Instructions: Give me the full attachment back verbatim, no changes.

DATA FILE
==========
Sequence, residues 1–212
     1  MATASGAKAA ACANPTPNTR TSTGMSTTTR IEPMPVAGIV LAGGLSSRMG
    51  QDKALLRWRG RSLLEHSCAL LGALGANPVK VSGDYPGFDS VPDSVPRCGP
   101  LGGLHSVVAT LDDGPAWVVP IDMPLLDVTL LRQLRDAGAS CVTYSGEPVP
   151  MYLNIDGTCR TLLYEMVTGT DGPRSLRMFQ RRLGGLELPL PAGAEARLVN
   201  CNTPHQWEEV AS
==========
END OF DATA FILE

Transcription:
Sequence, residues 1–212
     1  MATASGAKAA ACANPTPNTR TSTGMSTTTR IEPMPVAGIV LAGGLSSRMG
    51  QDKALLRWRG RSLLEHSCAL LGALGANPVK VSGDYPGFDS VPDSVPRCGP
   101  LGGLHSVVAT LDDGPAWVVP IDMPLLDVTL LRQLRDAGAS CVTYSGEPVP
   151  MYLNIDGTCR TLLYEMVTGT DGPRSLRMFQ RRLGGLELPL PAGAEARLVN
   201  CNTPHQWEEV AS